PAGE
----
Apr 21 2008
Just back from a lightning trip to the Mara. Headed down the road on 19 April with our good friend Annabella Frachescon of Maniago Travel to accompany a group of Spanish journalists/photographers who had flown in to Kenya to publicise our tourist industry. The road is pretty awful in places but the engineers are hard at work resurfacing it so hopefully it wont be long before driving to the Mara is a lot more comfortable. Maniago Travel organise all our international travel tickets and transfers with Henry Mburi doing an amazing job ticketing for us. On this occasion we stayed at Leleshwa Camp (owned and managed by Joe and Gillian Charleson – you can find out more at www.leleshwacamps.com) which is only a four hour drive from Nairobi on the other side of the Mara to the Governor’s Camp area where we film Big Cat Diary.
This is a beautiful part of the Mara not far from Siana Springs to the east of the Reserve – totally unspoilt and tucked away among tall stands of yellow-barked acacia trees. The camp is a joy – comfortable tents and lovely ambience with superb staff, and Joe and Gillian as your hosts. If you want to get away from the crowd then this is the camp to stay at. There are three prides of lions, cheetahs and leopards in the area, but on this occasion big game wasn’t our priority. We had come to the Mara to attend the graduation ceremony of a Masai friend who was becoming a Senior Elder – with the added attraction of the wedding of one of his cousins.
Angie and I have spent many wonderful days with the Masai photographing their colourful ceremonies and enjoying learning more about their culture. The Masai are such a part of the Mara landscape, and the future of the Reserve lies in their hands. Though times are changing for these nomadic pastoralists many still cling to their traditional way of life, and James was incredibly proud to be honoured as a Senior Elder. James spends much of his time taking people on safari with Maniago Travel, but he loves his homeland and this was an important moment for him and his family.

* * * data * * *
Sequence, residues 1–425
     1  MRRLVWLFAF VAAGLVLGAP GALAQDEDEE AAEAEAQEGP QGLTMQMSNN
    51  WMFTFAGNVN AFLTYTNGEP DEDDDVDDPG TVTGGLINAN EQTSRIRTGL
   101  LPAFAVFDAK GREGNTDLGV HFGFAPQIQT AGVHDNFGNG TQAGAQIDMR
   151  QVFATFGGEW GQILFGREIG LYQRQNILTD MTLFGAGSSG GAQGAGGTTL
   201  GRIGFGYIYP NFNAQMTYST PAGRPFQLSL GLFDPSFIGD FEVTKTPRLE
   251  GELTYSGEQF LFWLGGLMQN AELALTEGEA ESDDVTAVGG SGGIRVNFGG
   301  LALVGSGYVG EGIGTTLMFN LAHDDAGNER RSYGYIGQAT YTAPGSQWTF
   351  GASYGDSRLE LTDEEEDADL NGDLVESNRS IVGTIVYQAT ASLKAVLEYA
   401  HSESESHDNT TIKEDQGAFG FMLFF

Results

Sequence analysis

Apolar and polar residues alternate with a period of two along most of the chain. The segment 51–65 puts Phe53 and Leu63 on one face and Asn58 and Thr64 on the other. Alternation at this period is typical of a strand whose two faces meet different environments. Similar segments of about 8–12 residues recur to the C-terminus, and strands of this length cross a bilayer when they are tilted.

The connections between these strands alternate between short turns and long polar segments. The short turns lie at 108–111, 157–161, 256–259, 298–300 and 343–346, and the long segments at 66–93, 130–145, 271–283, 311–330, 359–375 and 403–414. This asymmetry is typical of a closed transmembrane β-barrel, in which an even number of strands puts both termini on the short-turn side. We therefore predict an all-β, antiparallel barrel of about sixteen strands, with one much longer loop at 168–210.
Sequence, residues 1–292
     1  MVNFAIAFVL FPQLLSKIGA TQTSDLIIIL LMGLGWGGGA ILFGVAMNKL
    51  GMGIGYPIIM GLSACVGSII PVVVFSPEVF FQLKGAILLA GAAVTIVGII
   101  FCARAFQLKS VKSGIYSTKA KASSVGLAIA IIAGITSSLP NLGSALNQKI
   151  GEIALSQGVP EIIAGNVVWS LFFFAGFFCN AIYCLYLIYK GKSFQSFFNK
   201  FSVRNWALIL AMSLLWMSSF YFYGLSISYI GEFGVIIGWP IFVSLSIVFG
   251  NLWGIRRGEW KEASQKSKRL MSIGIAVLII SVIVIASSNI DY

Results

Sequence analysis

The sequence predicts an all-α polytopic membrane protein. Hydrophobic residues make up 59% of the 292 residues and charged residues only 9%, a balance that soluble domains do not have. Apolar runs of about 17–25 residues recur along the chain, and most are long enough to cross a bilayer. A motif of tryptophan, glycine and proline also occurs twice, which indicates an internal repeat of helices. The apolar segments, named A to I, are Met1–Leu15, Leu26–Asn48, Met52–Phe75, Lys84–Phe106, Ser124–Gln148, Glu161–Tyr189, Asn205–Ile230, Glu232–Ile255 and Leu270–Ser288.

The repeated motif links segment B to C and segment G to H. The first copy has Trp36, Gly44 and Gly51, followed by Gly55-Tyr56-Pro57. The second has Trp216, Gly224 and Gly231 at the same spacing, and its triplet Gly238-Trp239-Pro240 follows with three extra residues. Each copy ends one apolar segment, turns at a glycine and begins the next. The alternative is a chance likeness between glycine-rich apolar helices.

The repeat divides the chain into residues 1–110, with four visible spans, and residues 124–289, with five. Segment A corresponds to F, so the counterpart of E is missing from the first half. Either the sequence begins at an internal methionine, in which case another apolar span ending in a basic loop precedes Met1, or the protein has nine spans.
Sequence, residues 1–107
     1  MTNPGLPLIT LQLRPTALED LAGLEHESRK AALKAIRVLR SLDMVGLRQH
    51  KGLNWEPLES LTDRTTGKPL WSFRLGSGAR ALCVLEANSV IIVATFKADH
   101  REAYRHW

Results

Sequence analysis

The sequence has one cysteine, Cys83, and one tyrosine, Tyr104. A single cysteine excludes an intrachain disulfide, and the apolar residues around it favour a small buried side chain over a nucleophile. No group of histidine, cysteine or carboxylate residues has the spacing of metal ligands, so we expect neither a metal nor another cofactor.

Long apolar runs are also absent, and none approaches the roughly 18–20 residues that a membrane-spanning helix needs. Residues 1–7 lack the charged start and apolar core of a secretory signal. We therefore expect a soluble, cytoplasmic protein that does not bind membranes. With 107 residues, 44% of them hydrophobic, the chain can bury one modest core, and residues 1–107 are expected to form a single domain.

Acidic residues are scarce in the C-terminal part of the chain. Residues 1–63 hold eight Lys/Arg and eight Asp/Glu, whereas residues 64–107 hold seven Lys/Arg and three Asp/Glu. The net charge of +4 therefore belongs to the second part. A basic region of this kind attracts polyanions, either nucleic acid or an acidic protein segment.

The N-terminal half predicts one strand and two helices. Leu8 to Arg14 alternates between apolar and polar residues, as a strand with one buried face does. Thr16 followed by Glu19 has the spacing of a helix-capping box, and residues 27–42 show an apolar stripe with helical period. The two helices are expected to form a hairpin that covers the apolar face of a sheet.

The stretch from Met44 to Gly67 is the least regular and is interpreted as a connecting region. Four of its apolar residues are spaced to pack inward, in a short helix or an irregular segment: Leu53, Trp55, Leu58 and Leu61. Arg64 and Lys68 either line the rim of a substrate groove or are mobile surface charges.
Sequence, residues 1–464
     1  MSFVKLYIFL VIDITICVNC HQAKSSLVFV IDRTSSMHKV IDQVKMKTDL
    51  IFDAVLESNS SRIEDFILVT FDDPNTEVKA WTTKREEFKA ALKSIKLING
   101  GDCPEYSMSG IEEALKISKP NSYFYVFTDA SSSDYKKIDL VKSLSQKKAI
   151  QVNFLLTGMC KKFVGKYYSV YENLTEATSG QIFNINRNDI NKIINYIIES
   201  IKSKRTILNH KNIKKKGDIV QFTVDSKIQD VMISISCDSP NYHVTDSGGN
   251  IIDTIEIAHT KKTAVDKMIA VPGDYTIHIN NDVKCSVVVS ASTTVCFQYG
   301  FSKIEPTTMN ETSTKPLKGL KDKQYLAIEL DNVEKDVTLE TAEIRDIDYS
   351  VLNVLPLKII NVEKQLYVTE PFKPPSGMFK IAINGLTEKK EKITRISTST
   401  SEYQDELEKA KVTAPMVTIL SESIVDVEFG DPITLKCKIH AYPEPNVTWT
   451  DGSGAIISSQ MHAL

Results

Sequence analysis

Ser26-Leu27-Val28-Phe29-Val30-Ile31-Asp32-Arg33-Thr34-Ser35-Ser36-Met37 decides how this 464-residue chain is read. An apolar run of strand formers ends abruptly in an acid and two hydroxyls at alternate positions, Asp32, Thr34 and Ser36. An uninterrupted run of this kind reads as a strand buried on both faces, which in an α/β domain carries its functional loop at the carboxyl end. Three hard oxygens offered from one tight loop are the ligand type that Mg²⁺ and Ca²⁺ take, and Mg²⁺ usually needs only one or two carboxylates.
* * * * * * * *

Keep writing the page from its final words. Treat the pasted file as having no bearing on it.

We spent two extaordinary days with James and his clan, providing us with the opportunity to photograph events as they unfolded. We arrived at daybreak to see the cattle and small stock still constrained within the thornbush boma, and watched as the men isolated the steer that was to be slaughtered as the centre piece of the ceremony. It is always an amazing sight to see Masai in numbers and the gathering was spectacular, with everyone dressed in their finest most colourful attire. Here was everything we had hoped to see – the young warriors vying for the chance to better each other in their traditional leaping dance the ground vibrating with the rhythm of their deep resonant chanting; massed ranks of men and women singing and moving en mass around the boma; the young bride bashful in all her finery being escorted by her relatives to her new home; throngs of children wide-eyed and fascinated at the energy of the life of their elders.
All of us felt blessed to have witnessed these ancient ceremonies, defining a way of life that is fast disappearing. It provided the perfect introduction for our Spanish friends from overseas, offering them a glimpse of a unique facet of this extraordinary county which Angie and I are so proud to call our home. On our way back to Leleshwa Camp on the final night we were hosted to a surprise bush dinner among ancient rocky outcrops. A full moon appeared ghostly above the darkening sky as we sat and reflected on all that we had seen and photographed. Later, safely ensconced in our tents, the rain beating a noisy tatoo on the canvas roof, we fell asleep with the magic of safari ingrained in our being. This is all part of the Kenya we love.
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